Dr Greenwood focused on some limitations of the CT guided approach advocating the preferential use of stress imaging (and of CMR among these modalities) in the screening of patients with suspected CAD. Coming back to ESC Guidelines on stable CAD he underlined the relevant role that is attributed to risk stratifications of patients with stable symptoms before possibly undergoing ICA and revascularization. In this context the presence of a large (>10%) inducible myocardial ischemia is considered the major determinant of high risk indicating further invasive assessment and possible revascularization. So, since CCT does not provide yet a functional information on the coronary lesions, a stress imaging could be better as first or complementary test to stratify risk and indicating further procedures in patients with suspected CAD. Dr. Greenwood underlined as the evaluation of a technique to be valuable and appropriate for a specific clinical question should rely upon three different capabilities: 1. Clinical efficacy (diagnostic performance); 2. Cost-Effectiveness; 3. Prognostic stratification and improvement of outcome. These three requirements are respected for CMR as some Dr. Greenwood’s studies document such as the original CE-MARC trial (and further analysis) documenting diagnostic accuracy, cost-effectiveness and capability to improve outcome of CMR in patients with stable CAD. Dr. Greenwood finally underscored that CT would not replace ICA and that radiation exposure could be still a risk whether appropriate methodology is not utilized.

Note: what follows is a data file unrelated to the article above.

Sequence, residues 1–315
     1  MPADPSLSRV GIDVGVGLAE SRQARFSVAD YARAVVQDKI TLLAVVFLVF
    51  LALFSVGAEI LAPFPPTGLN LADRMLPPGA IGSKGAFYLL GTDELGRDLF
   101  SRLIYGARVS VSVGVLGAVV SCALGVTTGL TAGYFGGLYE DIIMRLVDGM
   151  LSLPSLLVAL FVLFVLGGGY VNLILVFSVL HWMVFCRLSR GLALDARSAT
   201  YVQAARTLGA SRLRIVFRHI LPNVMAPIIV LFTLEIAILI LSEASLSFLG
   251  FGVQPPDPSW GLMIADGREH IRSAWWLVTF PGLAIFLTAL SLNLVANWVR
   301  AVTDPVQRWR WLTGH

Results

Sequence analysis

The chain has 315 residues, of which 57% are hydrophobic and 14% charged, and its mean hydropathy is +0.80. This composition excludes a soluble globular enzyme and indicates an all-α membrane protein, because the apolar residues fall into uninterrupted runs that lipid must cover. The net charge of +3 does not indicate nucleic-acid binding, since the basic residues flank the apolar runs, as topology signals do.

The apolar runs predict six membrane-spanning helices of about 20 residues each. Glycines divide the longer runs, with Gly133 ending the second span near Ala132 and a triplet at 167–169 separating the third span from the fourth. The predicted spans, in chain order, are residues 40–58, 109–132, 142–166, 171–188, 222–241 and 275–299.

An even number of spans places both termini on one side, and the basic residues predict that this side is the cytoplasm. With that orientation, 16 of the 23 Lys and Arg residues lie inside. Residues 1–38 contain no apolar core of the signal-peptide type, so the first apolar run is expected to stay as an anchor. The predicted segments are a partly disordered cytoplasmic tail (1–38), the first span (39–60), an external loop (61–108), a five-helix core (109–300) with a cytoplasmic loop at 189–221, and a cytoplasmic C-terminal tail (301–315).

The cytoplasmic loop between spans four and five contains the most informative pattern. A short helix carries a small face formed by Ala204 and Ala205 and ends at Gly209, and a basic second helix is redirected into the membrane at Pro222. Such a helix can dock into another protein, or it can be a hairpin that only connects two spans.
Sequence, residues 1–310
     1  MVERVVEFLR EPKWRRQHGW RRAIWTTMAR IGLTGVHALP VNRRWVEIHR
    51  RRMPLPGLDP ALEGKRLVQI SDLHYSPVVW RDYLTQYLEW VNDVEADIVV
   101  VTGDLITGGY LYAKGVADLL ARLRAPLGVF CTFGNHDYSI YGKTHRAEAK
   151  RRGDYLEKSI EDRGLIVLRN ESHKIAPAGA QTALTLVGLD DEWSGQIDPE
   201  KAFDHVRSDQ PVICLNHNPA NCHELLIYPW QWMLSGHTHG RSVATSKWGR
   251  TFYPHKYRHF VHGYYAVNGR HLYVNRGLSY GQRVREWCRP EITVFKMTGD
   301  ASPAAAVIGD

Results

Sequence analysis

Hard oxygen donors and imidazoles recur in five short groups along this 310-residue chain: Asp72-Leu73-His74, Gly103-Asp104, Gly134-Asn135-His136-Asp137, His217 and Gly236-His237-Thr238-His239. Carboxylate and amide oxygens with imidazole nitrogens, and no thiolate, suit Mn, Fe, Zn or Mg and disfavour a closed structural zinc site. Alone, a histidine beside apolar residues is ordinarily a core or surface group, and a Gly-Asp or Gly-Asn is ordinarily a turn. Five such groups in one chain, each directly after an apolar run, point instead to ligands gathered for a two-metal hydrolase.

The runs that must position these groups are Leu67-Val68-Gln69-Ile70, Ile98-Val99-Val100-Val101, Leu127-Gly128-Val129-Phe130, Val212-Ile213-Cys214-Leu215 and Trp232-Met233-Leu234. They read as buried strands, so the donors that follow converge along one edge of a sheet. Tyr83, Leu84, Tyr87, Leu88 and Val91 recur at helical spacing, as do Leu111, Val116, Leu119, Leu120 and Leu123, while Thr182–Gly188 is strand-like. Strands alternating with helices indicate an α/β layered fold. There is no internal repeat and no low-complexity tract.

The debate went on after the two presentations and was summarized by the two chairmen by the recognition that both CCT and CMR are valid tools in patients with suspected CAD. Dr. Neglia from Pisa underscored that CCT should be at present preferentially used to rule out obstructive disease in patients with lower risk and intermediate-low pre-test probability of disease. CCT has also the capability to describe the individual atherosclerotic burden which is per se a prognostic indicator requiring appropriate medical treatment. All agreed that stress imaging including CMR has a relevant role in selecting candidates to invasive procedures. Dr. Schwitter from Lousanne underscored that efforts to minimize the radiation exposure are warranted.
Our mission: To reduce the burden of cardiovascular disease
© 2017 European Society of Cardiology. All rights reserved